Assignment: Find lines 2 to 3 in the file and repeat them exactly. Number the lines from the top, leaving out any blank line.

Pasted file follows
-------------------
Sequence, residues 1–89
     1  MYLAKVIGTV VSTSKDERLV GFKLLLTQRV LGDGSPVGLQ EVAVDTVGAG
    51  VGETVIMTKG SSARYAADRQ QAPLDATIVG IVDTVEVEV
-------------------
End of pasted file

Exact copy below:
     1  MYLAKVIGTV VSTSKDERLV GFKLLLTQRV LGDGSPVGLQ EVAVDTVGAG
    51  VGETVIMTKG SSARYAADRQ QAPLDATIVG IVDTVEVEV